Nav: Home

Decades-long trends, not flawed vaccine, explain resurgent whooping cough

March 28, 2018

ANN ARBOR--Researchers and public health officials have struggled to explain the resurgence of whooping cough in the United States since the late 1970s, and the suspected shortcomings of the current generation of vaccines are often blamed.

But a new University of Michigan-led study concludes that the resurgence of the highly contagious respiratory disease is the result of factors--including a phenomenon known as the honeymoon period--that began in the middle of the last century, long before the latest vaccines were introduced in the late 1990s.

"Conventional wisdom is that the current vaccine is the problem, but that's not consistent with what we see," said Aaron King, a U-M infectious disease ecologist and applied mathematician.

King and colleagues from the Institut Pasteur, the University of Georgia and Queens University concluded that natural population turnover, incomplete vaccination coverage, and slowly waning protection from a highly effective yet imperfect vaccine best explain the resurgence of whooping cough. The disease can be fatal to infants and is also known as pertussis.

"This resurgence is the predictable consequence of rolling out a vaccine that isn't quite perfect and not hitting everybody in the population with that vaccine," said King, a professor in the U-M Department of Ecology and Evolutionary Biology and in the mathematics department.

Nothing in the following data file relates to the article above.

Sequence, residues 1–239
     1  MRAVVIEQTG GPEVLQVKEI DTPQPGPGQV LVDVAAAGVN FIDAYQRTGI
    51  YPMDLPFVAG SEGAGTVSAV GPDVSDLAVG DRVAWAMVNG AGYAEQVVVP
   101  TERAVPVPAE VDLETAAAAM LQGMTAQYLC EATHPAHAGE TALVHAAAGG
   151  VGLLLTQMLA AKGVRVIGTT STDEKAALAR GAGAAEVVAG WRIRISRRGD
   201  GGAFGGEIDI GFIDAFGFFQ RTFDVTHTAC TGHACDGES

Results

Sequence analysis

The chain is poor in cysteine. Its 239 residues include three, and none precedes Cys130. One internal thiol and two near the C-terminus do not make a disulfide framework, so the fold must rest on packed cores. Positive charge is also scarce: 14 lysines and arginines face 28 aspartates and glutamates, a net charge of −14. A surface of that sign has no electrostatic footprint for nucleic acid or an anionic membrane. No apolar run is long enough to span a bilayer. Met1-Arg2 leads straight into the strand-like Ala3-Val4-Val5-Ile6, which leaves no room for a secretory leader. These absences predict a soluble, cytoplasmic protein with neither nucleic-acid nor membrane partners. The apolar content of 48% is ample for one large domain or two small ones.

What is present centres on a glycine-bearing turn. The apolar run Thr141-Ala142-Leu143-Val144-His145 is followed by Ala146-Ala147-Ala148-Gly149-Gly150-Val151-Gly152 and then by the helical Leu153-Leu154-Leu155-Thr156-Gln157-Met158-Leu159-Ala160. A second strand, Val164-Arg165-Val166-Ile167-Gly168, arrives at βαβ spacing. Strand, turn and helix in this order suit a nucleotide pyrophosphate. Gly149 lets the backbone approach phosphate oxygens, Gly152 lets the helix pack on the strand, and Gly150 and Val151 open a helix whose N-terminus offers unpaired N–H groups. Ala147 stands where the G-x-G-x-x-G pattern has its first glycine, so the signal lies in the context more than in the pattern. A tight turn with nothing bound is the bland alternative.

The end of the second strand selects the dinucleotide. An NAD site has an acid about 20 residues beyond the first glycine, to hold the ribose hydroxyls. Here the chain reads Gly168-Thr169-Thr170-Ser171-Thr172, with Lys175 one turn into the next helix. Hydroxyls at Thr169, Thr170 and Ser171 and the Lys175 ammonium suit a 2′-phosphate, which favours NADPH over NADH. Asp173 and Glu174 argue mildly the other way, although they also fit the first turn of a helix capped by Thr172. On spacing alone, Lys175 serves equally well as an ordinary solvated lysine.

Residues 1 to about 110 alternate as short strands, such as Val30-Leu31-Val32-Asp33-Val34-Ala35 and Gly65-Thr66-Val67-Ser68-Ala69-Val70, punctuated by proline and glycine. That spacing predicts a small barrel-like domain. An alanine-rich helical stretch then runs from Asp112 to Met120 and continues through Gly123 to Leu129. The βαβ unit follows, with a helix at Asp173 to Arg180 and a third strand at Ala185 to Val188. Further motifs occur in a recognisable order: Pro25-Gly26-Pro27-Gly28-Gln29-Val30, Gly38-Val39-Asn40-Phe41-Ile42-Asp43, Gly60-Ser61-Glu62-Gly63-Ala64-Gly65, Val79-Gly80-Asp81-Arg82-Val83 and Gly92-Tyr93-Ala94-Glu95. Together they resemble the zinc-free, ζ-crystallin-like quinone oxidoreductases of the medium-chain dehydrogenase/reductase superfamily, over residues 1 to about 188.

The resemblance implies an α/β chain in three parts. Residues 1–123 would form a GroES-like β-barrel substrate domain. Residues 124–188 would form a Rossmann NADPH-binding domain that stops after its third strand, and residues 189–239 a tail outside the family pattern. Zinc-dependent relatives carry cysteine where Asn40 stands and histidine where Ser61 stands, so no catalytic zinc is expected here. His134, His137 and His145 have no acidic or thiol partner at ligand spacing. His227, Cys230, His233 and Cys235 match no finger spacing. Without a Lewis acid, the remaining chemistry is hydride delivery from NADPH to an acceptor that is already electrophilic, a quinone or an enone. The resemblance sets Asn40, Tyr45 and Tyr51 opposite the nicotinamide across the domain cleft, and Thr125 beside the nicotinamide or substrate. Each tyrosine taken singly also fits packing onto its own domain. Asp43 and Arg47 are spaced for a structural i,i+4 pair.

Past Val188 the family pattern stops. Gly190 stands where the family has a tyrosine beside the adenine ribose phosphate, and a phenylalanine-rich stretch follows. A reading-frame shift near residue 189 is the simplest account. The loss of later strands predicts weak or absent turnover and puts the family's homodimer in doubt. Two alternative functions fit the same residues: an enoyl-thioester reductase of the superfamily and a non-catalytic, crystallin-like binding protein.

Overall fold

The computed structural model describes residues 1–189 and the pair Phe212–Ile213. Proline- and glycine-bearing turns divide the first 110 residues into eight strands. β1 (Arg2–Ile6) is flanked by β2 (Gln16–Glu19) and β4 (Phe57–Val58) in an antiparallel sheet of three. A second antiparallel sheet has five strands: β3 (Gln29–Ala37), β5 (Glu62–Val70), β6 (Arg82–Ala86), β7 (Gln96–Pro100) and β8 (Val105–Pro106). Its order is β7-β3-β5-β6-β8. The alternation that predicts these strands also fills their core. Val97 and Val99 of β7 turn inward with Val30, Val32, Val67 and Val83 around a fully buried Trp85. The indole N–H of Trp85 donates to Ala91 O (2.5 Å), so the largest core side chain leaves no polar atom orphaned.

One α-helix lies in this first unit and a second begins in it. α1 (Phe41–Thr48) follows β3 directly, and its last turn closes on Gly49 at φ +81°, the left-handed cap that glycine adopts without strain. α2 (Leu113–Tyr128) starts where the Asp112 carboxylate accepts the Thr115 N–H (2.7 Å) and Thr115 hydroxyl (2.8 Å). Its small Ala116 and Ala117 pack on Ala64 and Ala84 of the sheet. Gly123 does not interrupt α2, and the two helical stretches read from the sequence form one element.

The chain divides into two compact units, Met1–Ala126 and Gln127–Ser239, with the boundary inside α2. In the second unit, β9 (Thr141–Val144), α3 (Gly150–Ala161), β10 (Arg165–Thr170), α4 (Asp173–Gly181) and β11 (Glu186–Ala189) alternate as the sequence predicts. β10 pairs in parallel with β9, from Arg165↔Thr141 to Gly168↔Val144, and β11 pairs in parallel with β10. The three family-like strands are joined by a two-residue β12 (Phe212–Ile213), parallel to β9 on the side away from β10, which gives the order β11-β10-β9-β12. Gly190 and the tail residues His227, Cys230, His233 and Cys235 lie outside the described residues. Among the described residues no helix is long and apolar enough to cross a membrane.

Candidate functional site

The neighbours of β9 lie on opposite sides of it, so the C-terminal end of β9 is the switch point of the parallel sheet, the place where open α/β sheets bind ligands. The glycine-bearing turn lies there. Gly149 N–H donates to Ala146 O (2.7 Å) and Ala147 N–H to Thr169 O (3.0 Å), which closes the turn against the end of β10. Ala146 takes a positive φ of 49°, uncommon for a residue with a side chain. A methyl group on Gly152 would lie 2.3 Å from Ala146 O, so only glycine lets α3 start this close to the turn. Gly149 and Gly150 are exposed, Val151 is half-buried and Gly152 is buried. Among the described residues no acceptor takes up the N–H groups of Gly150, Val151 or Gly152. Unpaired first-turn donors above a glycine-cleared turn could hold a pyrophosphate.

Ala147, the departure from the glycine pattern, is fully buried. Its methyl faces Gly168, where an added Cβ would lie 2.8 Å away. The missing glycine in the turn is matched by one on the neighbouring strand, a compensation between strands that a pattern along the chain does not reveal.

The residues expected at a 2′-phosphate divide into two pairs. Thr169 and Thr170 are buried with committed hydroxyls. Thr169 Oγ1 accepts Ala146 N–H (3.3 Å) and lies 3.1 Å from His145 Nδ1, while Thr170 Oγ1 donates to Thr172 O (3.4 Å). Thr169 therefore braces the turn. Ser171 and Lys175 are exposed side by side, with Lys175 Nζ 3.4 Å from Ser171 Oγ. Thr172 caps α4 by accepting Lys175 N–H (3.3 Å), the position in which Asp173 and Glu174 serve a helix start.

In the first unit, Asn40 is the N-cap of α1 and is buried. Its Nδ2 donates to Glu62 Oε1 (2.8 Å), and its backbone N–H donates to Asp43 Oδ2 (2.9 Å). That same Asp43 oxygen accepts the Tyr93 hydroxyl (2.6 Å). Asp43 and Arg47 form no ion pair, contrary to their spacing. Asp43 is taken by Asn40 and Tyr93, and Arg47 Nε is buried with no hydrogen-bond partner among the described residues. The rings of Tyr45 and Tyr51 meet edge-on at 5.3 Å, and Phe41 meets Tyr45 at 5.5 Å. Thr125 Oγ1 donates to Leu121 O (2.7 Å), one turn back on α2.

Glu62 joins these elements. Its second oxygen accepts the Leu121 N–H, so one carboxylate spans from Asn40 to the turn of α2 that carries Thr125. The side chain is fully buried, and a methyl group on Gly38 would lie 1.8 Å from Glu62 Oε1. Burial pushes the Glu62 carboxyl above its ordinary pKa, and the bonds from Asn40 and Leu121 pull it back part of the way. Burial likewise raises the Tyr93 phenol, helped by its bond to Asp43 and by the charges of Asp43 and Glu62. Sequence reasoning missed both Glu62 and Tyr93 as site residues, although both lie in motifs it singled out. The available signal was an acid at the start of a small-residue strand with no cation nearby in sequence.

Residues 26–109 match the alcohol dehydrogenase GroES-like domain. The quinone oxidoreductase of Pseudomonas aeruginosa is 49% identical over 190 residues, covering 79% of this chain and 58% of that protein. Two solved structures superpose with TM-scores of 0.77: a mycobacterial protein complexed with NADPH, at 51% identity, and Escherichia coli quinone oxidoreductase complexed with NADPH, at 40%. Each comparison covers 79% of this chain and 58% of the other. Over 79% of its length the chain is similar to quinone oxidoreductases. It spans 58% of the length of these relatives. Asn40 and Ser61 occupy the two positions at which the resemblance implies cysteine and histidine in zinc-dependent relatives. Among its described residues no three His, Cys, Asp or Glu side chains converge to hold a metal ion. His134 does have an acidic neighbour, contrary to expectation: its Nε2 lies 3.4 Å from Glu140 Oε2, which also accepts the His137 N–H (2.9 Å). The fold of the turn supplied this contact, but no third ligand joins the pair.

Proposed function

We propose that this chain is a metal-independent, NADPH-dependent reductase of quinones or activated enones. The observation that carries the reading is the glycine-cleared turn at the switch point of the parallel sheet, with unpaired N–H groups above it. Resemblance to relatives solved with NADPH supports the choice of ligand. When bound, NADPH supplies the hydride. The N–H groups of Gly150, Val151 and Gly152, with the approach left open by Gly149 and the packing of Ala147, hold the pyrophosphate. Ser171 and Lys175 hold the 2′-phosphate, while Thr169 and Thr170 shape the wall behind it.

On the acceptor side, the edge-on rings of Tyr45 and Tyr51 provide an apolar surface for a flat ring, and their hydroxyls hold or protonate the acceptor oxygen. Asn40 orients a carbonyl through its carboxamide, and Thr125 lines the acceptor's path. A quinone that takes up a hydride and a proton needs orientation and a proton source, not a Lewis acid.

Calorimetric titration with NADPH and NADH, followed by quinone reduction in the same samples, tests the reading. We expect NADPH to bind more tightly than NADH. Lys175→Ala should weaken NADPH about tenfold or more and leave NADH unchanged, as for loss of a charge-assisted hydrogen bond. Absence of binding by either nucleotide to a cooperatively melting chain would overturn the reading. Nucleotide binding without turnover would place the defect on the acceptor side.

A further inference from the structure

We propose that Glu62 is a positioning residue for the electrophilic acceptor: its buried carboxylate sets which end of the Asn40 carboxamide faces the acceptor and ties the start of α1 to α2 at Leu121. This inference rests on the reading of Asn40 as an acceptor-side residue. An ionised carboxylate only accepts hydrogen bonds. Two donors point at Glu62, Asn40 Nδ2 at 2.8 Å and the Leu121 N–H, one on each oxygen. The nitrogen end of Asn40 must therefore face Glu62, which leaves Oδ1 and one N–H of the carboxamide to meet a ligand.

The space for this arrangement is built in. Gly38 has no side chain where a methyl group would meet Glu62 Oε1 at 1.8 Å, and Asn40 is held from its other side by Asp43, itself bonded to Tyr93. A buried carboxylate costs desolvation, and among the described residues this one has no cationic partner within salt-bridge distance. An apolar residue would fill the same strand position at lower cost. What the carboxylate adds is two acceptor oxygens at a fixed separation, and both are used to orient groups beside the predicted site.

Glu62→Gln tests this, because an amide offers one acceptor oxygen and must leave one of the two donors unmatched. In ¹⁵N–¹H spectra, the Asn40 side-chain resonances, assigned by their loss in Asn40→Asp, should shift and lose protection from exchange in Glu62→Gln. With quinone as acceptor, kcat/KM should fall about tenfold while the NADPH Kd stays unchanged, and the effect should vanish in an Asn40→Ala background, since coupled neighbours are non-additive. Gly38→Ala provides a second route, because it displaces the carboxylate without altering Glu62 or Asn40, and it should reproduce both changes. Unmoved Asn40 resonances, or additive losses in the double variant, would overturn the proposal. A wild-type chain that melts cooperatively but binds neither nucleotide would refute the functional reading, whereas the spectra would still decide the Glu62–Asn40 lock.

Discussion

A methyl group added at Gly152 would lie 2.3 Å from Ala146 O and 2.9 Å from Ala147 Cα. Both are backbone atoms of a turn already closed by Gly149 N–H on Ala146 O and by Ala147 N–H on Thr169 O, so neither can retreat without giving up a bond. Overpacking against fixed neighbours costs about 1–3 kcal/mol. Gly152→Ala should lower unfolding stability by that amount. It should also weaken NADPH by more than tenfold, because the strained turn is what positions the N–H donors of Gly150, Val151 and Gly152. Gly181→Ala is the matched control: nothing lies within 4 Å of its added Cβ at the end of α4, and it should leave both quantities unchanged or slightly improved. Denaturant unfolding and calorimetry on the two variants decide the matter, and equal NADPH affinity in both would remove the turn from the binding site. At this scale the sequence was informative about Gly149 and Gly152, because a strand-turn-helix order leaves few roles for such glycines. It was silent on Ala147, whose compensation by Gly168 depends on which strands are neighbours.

The team's findings are scheduled for publication March 28 in Science Translational Medicine. The first author of the paper is Matthieu Domenech de Celle?s, formerly a U-M postdoctoral researcher under King, now at the Institut Pasteur in Paris.

"Our results are important because they show that recent trends in pertussis are not necessarily caused by recent changes in epidemiology or biology," said Domenech de Celle?s.

"Rather, the contemporary epidemiology of pertussis may be interpreted as a legacy of longstanding immunization practices. It's an important shift of perspective, which makes pertussis a complex but exciting system to study."

The researchers used disease-transmission models and 16 years of age-stratified pertussis incidence data from Massachusetts, along with statistical methods for extracting information from the data. The authors say their results apply to the rest of the United States and to Western Europe.

According to the study, the introduction of the first pertussis vaccine in the late 1940s led to a honeymoon period, a time of very low disease incidence following the start of a vaccination program. The return of pertussis in recent decades signals the end of that honeymoon period, according to the researchers.

In the pre-vaccine era, whooping cough was a very common childhood disease in the United States. Most kids were exposed to Bordetella pertussis, the bacterium that causes it, and their immune systems mounted a strong response that provided long-lasting immunity. As a result of those naturally acquired infections, most adult Americans were immune to pertussis.

Routine vaccination with a whole-cell pertussis vaccine quickly led to a 100-fold reduction in incidence. Actually, two factors accounted for that sharp drop-off: children protected by the new vaccine and adults with natural immunity acquired in the pre-vaccine era.